Solar Industry Takes Another Loss in the Courtroom


Renewable energy advocates lost an attempt to strike down a program in Maine that reduces the number of subsidies given to solar panel owners, the latest move in an ongoing battle between the solar lobby and state regulators.

The Maine Supreme Judicial Court on Thursday handed the Conservation Law Foundation, the Natural Resources Council of Maine and other solar proponents a loss when it dismissed their attempt to throw out certain provisions in the state’s new net metering system.

Renewable energy advocates have fought against Maine’s new system that gradually reduces the credit panel owners are given for the power they produce at home, decreasing the incentive for homeowners to purchase solar panels.

Most state governments have established some form of net metering — a system where homeowners are credited for the power their solar panels produce and send back to the grid.

Solar companies are very supportive of the policy, as it creates an incentive for people to purchase expensive panel installation, promising them savings on electricity bills in the long run.

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However, net metering has also been controversial as it essentially shifts costs onto non-panel owners.

Utilities typically must credit panel owners for their power, not at the wholesale rate, but at the more expensive retail rate. These costs are covered by way of more expensive energy bills for all ratepayers. A number of states have begun to roll back their solar subsidies, with Maine included.

Outgoing Republican Gov. Paul LePage has argued that these subsidies have become less necessary as the costs for solar installation continues to drop.

The Maine Public Utilities Commission established a new net metering policy earlier this year that gradually reduces the amount of credit panel owners are given.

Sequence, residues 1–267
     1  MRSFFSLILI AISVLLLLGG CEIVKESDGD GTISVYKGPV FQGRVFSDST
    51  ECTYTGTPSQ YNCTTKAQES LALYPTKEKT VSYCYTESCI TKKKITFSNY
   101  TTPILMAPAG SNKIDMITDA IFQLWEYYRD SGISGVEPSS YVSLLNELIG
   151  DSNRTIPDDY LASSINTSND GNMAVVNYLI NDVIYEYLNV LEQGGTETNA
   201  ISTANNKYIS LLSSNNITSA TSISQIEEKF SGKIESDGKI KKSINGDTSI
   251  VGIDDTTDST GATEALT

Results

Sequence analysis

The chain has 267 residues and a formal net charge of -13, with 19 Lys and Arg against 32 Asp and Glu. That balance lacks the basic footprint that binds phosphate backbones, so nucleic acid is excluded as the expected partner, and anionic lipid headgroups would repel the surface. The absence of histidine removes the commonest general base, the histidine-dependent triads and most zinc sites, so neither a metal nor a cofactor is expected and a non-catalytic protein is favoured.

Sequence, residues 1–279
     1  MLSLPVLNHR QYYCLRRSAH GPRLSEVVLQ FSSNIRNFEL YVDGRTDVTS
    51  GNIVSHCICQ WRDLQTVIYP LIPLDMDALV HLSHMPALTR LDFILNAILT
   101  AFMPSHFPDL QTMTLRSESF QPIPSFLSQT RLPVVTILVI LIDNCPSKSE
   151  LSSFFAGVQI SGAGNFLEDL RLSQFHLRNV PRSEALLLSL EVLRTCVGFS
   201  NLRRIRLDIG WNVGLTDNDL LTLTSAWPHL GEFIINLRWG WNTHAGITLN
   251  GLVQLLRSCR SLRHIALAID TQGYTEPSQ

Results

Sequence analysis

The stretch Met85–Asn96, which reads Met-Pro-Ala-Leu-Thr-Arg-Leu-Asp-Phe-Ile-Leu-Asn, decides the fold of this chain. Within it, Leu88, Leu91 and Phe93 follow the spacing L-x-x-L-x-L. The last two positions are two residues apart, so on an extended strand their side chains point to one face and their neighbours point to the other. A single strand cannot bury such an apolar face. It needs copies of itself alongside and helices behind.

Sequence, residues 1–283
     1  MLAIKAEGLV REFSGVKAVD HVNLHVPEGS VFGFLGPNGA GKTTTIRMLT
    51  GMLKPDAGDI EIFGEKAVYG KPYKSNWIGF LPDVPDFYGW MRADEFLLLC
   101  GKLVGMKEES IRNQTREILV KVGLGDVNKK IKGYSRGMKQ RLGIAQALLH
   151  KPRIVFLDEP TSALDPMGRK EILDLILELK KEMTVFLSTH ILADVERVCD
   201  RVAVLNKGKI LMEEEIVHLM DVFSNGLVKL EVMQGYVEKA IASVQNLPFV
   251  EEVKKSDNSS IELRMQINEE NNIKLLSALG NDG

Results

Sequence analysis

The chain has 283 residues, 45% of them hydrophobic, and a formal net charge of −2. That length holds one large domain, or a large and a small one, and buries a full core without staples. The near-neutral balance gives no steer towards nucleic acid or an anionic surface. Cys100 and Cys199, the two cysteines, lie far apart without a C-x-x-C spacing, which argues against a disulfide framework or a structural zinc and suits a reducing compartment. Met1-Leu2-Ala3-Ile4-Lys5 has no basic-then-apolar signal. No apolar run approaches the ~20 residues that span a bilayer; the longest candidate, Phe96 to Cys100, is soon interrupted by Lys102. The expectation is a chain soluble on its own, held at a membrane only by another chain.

However, homeowners who had already purchased panels were grandfathered into the old system for another 15 years.

Renewable energy advocates have fought against the rule change in the state legislature, where LePage has already vetoed three different bills that would have reformed his new net metering policy.

Unable to regain their subsidies at the legislative level, the solar lobby has turned to the courts.

The Conservation Law Foundation complained to the Maine Supreme Judicial Court last year, challenging a provision that asses a transmission charge on panel owners for the electricity they generate and use at their house.

This challenge, however, was ultimately thrown out after the court ruled that such an issue needs to be settled at a lower court.

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“We obviously are disappointed,” Sean Mahoney, leader of the Conservation Law Foundation in Maine, said to the Portland Press Herald. “The decision doesn’t address the underlying problems with the (Public Utilities Commission) rule.”

The Conservation Law Foundation has vowed to continue fighting.

“(W)e could see ourselves back at the Law Court in a year with the same issue,” Mahoney explained. “And in that time, people will have both potentially paid significant dollars to install these second meters and/or begun to lose the benefits of the net energy billing process.”

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